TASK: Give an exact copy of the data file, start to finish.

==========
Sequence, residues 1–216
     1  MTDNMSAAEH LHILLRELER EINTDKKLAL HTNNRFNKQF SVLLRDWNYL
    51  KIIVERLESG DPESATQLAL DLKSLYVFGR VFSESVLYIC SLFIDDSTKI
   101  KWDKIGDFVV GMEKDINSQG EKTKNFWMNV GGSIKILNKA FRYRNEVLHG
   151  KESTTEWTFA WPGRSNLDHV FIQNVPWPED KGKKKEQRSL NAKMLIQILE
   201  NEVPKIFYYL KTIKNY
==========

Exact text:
Sequence, residues 1–216
     1  MTDNMSAAEH LHILLRELER EINTDKKLAL HTNNRFNKQF SVLLRDWNYL
    51  KIIVERLESG DPESATQLAL DLKSLYVFGR VFSESVLYIC SLFIDDSTKI
   101  KWDKIGDFVV GMEKDINSQG EKTKNFWMNV GGSIKILNKA FRYRNEVLHG
   151  KESTTEWTFA WPGRSNLDHV FIQNVPWPED KGKKKEQRSL NAKMLIQILE
   201  NEVPKIFYYL KTIKNY